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Steve’s FBI File

While not what I had planned to post this week, last week’s release of the Federal Bureau of Investigation’s 191-page file on Steve Jobs is too ripe for discussion to pass up! The document reveals that he was given top secret clearance between 1988 and 1990. It also reveals he was considered by President George H. W. Bush’s administration for a position on the President’s Export Council. Most of the document is a 1991 background check for that position.

The Huffington Post article on the file reads like a laundry list of excerpts from the book. The “Distortion Reality Field” even gets a mention in the file when it states that Jobs “has a tendency to distort reality in order to achieve his goals”.

The article states that one individual “believed the appointee has what it takes to assume a high level political position within the government, which in his opinion, honesty and integrity are not prerequisites to assume such a position.” Other individual describe his monastic-like existence.

There are some amusing parts of the file that read almost like a conscious effort to make negative comments about Jobs, for example, it states that some individuals cast doubt on Jobs’ technical qualifications and later also points out that Jobs had a 2.65 high school GPA.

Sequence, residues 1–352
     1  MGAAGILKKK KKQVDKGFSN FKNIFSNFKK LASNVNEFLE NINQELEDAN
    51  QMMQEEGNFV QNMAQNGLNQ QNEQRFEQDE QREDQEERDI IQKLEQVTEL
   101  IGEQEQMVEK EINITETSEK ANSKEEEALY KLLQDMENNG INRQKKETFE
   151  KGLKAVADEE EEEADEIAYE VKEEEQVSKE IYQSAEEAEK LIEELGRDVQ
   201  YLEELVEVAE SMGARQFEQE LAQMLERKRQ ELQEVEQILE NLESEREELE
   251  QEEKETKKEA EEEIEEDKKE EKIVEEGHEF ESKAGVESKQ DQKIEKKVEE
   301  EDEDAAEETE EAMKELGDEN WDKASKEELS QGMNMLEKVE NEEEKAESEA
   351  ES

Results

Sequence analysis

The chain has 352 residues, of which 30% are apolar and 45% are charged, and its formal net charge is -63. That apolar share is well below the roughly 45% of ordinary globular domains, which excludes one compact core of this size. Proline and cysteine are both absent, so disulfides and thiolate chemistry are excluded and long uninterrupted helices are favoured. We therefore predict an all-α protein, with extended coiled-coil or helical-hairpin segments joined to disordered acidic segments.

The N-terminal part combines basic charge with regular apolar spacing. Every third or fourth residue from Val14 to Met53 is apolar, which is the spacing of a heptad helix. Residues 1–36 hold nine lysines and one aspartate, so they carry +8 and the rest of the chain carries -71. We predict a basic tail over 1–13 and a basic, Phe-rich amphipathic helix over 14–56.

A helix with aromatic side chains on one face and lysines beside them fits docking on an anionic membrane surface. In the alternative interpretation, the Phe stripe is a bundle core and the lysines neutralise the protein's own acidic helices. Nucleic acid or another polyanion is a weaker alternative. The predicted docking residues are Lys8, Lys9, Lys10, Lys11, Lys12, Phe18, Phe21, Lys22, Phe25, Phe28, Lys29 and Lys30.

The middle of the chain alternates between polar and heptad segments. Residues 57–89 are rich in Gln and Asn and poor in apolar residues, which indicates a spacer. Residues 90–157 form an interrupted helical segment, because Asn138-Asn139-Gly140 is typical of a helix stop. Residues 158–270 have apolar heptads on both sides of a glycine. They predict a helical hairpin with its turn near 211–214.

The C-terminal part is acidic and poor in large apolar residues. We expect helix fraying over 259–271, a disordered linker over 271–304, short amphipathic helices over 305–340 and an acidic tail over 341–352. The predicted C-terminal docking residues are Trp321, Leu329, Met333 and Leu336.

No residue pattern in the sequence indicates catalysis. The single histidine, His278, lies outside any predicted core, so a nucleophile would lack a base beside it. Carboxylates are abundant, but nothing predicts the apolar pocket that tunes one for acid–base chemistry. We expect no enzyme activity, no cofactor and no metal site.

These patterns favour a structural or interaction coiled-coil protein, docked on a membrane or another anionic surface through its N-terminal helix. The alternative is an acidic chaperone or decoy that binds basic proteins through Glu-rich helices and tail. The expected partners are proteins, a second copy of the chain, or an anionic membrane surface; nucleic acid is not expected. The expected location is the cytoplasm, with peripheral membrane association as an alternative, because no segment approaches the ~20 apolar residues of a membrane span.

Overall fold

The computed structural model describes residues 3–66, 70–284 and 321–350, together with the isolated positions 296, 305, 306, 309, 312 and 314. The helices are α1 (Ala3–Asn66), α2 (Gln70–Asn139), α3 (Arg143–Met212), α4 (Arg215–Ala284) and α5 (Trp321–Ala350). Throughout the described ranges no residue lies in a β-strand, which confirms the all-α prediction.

While I think our book is a better read than the FBI file. It appears the file got much of the gist of Steve Jobs. Which got me thinking, after reading this book, how would you sum up Steve Jobs? What elements of his personality resonated with you as a reader? Has learning more about Jobs changed your perception of Apple? Let’s discuss!

Category: Steve Jobs

3 Responses to Steve’s FBI File

  1. kevin says:

    I was, at first, taken aback by his personality and the way in which he treated people. Upon reflection, though,the landscape of history is littered with greatly flawed men and women. While I certainly enjoy reading about Jobs and marvel at the impact he has had on the world, I can’t say I would have wanted him as a friend. LIke so many, I am benefitting every day from the drive, the passion, even the anger that fueled him.

    I would have to disagree with the notion that he was an ordinary man. The man was utterly relentless. When he wanted something he did not stop until he got it regardless of how he treated people along the way. Fascinating guy.

  2. Pat says:

    I guess I shouldn’t have been shocked and surprised to discover the kind of person he was…flawed. With Apple products, my inclination was to assume there was some perfect person behind that genius. I mean I marveled at each product that was released by Apple. With all his flaws, he created perfection. I guess to be able to overcome your flaws and create perfection…that is genius. Bravo to the very ordinary man who made extraordinary things.

    • Giz Womack says:

      Pat, I would even take it a step further and argue that his flaws drove him to make perfect tools. I think his flaws were a key part of his genius!

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